As I’m sure many of you have experienced, travel has become much more difficult in the last two years. We’ve been forced to quarantine, due to travel, twice this year – once on our way to Germany and once on the way back home to the UK.
To quarantine in a mobile home is easy, as long as you can find someone who will let you stay on their land and we were very lucky twice. We spent our German quarantine in Freckleben, a tiny village between Magdeburg and Leipzig. The authorities require an address – ours was Auf dem Schloss 1 (no.1 The Castle).
A grand title, but really it was just a meadow and a well. The weather was hot and we had 10 days to just stop and count the bugs in the grass, of which there were so many as I hadn’t seen since my childhood!
Freckleben is a village that time forgot. As we approach it, we drive through miles of 21st century landscape – huge fields and hundreds of wind turbines – until the road takes a turn and drops down into a crack in the landscape where the nights are pitch black and grasshoppers and jackals are our neighbours. I rig up a shower from the well – the water comes from 11m depth and is only 8 degrees – brrr. Perfect for those hot summer days!
The quarantine finishes in time for us to take part in the yearly summer festival at the castle, with entertainment that hasn’t changed for generations. Children climb on a wooden horse on tracks and, winched along by their parents, they try and spear hoops off poles. There’s a bowling alley where the main price is a local sausage, and a large effigy of a bird provides hours of entertainment for those who try and shoot at it from 25m distance to determine who is going to be this year’s Schützenkönig. Whoever wins, has to pay for a round of drinks at the end of the festival and will be collected to next year’s event by horse and cart. This year’s winner is someone from another rivaling village – Shock Horror! But, as someone points out, the good news is that he has to pay drinks for all the locals.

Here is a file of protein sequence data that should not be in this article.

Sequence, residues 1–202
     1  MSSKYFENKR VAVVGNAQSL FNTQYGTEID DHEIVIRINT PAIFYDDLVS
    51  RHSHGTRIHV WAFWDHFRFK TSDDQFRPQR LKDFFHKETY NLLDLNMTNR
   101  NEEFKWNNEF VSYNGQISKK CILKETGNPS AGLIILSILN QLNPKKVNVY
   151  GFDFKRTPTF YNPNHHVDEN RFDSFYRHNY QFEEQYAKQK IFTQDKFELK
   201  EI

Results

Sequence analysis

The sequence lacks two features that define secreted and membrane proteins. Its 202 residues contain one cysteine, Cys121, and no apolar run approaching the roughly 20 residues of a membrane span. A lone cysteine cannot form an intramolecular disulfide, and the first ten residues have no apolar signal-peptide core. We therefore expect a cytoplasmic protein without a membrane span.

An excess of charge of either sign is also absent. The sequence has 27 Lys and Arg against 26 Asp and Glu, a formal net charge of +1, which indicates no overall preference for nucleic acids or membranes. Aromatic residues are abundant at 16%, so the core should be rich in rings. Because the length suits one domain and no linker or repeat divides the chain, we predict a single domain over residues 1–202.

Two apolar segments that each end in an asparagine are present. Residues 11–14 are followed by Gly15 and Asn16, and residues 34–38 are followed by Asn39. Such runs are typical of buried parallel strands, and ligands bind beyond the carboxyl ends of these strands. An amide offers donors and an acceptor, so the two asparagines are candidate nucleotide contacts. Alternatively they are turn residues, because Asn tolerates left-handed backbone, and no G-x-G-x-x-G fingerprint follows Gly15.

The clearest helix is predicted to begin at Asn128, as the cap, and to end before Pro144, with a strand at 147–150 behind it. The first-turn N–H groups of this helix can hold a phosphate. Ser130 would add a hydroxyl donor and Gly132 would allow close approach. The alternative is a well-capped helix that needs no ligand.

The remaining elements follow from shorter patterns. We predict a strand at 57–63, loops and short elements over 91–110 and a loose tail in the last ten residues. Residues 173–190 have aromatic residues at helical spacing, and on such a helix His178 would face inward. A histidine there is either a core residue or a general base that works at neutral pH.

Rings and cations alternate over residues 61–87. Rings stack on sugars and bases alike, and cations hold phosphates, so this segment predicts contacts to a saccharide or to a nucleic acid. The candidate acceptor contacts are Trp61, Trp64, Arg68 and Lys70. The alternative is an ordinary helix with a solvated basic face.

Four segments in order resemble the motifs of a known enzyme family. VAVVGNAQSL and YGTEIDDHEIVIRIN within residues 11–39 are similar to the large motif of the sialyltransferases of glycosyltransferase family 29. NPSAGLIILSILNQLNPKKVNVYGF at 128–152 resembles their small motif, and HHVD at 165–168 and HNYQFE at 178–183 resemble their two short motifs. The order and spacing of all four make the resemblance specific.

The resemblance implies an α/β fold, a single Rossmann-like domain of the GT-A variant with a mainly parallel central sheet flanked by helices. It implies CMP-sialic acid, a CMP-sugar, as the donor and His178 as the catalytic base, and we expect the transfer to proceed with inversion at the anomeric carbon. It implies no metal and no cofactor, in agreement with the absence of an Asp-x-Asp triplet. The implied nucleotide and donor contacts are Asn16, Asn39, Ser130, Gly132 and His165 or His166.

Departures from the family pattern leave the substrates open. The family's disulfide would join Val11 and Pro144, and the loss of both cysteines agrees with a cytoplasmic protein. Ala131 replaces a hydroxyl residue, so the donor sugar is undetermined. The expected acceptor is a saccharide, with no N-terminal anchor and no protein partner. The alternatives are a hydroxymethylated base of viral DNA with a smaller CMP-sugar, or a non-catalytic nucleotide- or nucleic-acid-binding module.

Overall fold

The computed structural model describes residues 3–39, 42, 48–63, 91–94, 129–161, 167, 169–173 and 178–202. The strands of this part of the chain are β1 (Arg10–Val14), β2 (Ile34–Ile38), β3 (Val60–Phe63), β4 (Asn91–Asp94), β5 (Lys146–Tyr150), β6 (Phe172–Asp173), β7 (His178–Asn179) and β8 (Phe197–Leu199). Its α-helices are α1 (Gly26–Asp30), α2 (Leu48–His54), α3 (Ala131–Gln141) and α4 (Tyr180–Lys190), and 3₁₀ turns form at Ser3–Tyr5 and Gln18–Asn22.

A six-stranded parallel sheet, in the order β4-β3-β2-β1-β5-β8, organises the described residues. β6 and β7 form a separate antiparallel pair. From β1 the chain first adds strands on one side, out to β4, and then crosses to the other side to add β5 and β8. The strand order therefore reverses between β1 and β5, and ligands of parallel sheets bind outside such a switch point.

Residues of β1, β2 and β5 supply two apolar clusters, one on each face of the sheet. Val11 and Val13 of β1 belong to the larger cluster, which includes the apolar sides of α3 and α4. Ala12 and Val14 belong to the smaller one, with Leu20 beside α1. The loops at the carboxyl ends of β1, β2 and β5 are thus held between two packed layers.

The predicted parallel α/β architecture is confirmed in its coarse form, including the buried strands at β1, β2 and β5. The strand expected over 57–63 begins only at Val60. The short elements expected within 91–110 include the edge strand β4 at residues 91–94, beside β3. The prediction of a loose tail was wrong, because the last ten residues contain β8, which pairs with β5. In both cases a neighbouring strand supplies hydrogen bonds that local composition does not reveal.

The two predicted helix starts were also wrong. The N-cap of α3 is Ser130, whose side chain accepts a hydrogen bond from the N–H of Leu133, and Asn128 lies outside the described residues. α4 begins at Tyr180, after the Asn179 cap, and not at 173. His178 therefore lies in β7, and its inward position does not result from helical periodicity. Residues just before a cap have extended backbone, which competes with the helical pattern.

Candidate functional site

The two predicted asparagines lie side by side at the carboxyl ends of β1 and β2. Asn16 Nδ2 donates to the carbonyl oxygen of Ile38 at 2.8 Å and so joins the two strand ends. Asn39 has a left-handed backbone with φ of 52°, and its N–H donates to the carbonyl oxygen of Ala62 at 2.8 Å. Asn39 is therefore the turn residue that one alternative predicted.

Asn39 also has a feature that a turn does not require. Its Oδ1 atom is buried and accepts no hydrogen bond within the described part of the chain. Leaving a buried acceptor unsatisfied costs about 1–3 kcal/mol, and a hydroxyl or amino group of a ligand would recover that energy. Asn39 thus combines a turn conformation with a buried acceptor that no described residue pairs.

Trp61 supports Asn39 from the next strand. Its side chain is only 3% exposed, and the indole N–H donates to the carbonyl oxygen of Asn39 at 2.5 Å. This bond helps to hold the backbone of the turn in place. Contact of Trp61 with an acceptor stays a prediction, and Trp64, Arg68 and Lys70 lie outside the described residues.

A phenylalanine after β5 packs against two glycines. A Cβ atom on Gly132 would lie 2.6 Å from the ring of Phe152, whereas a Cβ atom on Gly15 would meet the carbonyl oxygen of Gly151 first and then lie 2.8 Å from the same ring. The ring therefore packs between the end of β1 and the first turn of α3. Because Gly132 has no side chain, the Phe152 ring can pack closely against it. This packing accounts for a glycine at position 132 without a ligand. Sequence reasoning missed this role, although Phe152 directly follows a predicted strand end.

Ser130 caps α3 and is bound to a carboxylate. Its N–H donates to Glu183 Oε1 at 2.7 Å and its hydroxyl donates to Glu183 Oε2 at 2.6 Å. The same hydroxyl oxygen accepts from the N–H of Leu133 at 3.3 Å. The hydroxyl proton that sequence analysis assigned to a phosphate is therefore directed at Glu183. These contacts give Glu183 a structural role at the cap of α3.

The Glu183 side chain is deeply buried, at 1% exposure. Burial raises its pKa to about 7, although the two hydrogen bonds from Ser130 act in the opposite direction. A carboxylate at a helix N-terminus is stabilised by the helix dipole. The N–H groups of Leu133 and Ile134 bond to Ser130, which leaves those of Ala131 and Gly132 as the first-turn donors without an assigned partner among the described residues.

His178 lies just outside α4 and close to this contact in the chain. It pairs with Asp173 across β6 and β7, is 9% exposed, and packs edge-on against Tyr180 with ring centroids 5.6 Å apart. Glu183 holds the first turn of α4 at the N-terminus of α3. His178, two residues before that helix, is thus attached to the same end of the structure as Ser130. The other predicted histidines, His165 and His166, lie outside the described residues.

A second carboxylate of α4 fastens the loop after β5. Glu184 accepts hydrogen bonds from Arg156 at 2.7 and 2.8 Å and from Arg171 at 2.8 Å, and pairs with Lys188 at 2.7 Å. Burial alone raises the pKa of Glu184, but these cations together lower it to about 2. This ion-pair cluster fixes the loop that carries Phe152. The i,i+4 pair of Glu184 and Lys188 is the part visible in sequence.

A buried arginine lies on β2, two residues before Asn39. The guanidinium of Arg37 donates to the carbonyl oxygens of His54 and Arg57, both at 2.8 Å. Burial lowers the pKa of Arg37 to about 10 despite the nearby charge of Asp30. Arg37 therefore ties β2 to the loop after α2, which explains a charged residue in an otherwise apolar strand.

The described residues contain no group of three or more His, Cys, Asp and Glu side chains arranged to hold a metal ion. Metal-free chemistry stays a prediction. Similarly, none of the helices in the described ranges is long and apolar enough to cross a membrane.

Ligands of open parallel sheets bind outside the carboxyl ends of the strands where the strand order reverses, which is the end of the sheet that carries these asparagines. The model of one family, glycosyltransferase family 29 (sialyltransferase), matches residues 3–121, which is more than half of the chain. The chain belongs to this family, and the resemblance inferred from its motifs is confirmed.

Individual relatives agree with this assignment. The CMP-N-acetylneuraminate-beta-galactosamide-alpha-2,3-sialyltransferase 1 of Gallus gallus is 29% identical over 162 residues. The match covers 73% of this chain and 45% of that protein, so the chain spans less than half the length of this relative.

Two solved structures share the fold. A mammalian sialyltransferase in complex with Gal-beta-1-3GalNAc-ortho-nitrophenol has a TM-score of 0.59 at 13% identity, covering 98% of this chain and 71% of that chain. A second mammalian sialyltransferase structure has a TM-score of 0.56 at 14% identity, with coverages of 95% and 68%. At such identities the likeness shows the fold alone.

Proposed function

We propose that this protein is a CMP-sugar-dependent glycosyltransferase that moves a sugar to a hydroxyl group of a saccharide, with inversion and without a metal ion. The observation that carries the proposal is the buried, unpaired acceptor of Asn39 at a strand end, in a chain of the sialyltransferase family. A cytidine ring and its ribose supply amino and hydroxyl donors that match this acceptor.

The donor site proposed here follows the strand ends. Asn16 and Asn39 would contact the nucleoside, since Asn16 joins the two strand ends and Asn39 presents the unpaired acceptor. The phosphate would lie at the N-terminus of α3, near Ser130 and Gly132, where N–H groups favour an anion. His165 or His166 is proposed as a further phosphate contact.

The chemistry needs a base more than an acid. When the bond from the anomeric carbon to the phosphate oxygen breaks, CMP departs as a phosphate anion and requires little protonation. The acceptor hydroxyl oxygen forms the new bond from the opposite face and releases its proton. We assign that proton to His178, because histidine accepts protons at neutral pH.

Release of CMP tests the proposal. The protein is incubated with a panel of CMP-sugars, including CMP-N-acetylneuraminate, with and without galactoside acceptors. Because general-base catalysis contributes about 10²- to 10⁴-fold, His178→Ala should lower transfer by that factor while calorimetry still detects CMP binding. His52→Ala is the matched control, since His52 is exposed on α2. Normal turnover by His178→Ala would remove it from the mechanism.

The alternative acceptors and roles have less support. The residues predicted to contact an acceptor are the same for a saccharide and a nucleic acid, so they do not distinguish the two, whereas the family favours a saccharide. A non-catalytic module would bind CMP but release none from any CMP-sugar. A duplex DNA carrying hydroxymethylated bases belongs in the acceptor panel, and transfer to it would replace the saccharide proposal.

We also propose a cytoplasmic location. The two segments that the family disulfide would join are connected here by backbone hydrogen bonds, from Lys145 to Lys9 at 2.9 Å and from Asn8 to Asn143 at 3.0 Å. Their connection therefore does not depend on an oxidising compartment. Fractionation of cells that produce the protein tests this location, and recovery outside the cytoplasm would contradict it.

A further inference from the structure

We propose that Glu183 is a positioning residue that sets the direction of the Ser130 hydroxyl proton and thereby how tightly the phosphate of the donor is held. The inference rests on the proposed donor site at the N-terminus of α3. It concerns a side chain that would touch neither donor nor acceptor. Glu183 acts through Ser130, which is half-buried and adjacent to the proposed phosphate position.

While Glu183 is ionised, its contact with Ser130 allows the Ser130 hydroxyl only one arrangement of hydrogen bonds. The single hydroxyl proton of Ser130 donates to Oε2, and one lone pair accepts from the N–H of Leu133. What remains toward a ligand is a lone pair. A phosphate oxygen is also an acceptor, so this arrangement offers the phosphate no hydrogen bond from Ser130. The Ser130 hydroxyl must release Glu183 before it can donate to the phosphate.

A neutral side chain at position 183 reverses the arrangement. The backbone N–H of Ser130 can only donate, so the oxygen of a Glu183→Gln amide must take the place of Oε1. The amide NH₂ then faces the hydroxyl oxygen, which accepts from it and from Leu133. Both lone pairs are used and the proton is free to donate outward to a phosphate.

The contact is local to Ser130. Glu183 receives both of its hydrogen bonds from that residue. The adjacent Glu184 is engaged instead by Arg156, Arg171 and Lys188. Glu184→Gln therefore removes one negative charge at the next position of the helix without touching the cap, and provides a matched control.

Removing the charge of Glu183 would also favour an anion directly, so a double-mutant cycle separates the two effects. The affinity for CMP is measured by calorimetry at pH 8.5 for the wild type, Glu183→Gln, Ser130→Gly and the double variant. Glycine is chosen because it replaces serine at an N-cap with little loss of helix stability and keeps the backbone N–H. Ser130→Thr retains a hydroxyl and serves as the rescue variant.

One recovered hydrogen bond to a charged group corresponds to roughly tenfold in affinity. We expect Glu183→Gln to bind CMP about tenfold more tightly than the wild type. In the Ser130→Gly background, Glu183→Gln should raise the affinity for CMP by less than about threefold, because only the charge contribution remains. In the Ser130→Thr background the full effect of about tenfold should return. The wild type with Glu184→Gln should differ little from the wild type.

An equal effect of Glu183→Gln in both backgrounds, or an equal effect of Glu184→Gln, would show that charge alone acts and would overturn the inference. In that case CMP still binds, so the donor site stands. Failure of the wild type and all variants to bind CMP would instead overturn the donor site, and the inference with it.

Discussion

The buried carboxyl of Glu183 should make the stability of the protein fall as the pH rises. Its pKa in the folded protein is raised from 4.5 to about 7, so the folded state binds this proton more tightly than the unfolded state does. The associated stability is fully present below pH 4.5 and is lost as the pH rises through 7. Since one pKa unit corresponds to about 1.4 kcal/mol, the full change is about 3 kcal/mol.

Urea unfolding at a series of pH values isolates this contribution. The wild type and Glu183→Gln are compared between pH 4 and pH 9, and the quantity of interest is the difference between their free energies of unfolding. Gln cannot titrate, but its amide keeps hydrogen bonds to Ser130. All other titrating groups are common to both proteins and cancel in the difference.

We were welcomed by the locals and fell in love with this quirky little village – for a few days, we even seriously considered investing in a cultural center that had fallen into a deep, 30 year long slumber. In the end we felt the task was too great – and Frank doesn’t think his German is up to living there.
On our way back to the UK, friends of friends offer for us to stay at their orchard near Cambridge. Yet again, we stay at a place that has its own special magic. The orchard is in fact only a small part of the land, with extended fields and forests. There are various outdoor buildings in one of the forests – a large open-air kitchen and dance space – and a magical clearing for tents. The trees in the orchard are in need of some TLC. We take on liberating one apple tree per day from the stranglehold of brambles and hawthorn. This is hard graft but very satisfying.
All in all, I’d say that to step out of our lives for 10 days and stop in one place, allowed us to get in touch with the plants and animals around us and was a really good experience for us. It brought an extra quality to this summer’s travel.
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